California Bay-Delta Authority Advisor, chemist, Wim Kimmerer

Kimmerer is a researcher at the Romberg Tiburon Center, a research and teaching laboratory of San Francisco State University located in Marin County.

He has a background in chemistry and biological oceanography with interests in zooplankton ecology and the ecology of estuaries with an emphasis on the San Francisco Bay.

Experts agree
there is no clear link between declining fish populations in
the Delta and water exports.

Something is killing the delta smelt and
there is a major effort underway to find out what.  However
recent analyses by leading Delta fishery experts indicate
that export pumps are probably not a major factor. 

Wim Kimmerer, research scientist with the
Romberg Tiburon Center (San Francisco State University) and
advisor to the California Bay-Delta Authority (CBDA),
reported at the August 11, 2005 CBDA meeting that a number
of fish species exhibit declining populations, including
young striped bass, Delta smelt, shad and others.  According
to Kimmerer, scientists have determined there is no clear
statistical link between fish abundance and water exports –
one of most frequently suspected causes.

Kimmerer told the panel the Delta
represents a complex ecosystem and recent declines in some
fish species defy simple explanations.  While some species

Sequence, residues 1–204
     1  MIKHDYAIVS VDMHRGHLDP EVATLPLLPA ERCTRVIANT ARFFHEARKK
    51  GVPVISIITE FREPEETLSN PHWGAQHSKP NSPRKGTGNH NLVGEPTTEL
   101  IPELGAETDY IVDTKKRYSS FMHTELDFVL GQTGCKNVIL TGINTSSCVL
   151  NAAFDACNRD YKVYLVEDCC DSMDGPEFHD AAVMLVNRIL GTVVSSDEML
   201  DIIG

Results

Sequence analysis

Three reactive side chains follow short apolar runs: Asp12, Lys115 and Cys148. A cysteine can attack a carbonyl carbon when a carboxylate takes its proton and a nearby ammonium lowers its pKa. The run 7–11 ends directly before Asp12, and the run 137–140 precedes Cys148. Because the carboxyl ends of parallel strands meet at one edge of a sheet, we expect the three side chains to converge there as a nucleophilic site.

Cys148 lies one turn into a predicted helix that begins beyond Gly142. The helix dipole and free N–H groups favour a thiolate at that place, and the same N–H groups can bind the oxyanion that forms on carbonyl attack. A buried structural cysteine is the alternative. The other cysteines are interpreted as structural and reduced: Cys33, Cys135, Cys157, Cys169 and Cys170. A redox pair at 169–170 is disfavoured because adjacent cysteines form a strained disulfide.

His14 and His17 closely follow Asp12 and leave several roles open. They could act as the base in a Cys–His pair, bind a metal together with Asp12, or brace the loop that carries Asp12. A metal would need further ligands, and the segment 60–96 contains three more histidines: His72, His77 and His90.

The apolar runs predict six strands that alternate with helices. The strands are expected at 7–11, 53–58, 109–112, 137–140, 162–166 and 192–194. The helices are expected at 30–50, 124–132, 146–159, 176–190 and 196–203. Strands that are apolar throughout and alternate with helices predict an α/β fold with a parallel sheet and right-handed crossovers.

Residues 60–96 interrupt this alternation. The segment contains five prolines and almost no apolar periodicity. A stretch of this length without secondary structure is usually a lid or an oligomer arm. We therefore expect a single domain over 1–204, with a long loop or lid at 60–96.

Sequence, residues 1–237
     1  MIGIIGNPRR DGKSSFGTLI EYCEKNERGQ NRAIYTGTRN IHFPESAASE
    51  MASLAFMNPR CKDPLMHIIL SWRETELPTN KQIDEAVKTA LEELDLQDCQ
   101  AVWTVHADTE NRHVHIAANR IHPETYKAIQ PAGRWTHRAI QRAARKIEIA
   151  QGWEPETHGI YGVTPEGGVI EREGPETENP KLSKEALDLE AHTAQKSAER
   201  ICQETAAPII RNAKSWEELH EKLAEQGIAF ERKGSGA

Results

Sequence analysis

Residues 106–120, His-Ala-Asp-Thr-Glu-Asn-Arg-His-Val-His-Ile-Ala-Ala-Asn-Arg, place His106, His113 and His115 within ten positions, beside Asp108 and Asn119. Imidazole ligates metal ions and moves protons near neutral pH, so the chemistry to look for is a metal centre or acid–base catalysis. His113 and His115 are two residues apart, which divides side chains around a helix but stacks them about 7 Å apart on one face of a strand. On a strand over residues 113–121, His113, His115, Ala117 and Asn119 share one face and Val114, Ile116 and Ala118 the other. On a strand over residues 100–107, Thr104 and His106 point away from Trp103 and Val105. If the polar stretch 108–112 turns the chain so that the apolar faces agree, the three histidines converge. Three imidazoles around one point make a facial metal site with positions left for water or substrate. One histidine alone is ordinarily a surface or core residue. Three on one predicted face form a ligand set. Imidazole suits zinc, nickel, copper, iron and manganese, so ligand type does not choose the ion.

like Delta smelt are declining, salmon populations are
thriving, he said.  And he said there have been major
improvements in the science used to manage the Delta.

Dr. BJ Miller, another expert on Delta
fish, has reported similar findings based on his analysis of
water exports, fish abundance and food sources.  Miller said
his research has found no statistical correlation of any
kind – either direct or indirect – between how much water is
exported and the number of fish that survive to adulthood. 
In some years when a lot of water is exported, smelt do
fine.  In other years when exports are severely curtailed,
smelt numbers plunge.

There is evidence of a strong correlation
between Delta smelt abundance and the availability of the
smelt’s primary food source – zooplankton called
Pseudodiaptomus, which was introduced into the Delta in
1986.  In years when there is a lot of Pseudodiaptomus in
the same parts of the Delta where the Delta smelt
congregate, a large number of the fish survive to
adulthood.  When there is a shortage of the food source in
the Delta, the numbers of Delta smelt drop sharply.

Legislators hear from expert panel
Members of the California State Assembly Committee on Water,
Parks and Wildlife, during an August 18, 2005 hearing on the
Delta Ecosystem Crisis, heard that there is "no connection
between species decline and export pumping."  That statement
was made by Steve Hall, executive director of the
Association of California Water Agencies.  Hall stated that
scientists have acknowledged that no connection exists.

Not an isolated problem
Similar problems have also been observed along the Pacific
Coast, as noted in the San Francisco Chronicle.  Ocean
plankton have largely disappeared from the waters off
Northern California, Oregon and Washington, mystifying
scientists, stressing fisheries and causing widespread
seabird mortality. 

The plankton disappearance is caused by a
slackening of what is known as "upwelling:" the seasonal
movement of cold, nutrient-rich offshore water into areas
near the shore.

While problems in the Delta appear to be
heavily influenced by invasive species consuming the
zooplankton, there is a distinct correlation between the
abundance of food, on the low end of the food chain, such as
zooplankton and phytoplankton, and the health of fish and
bird populations.

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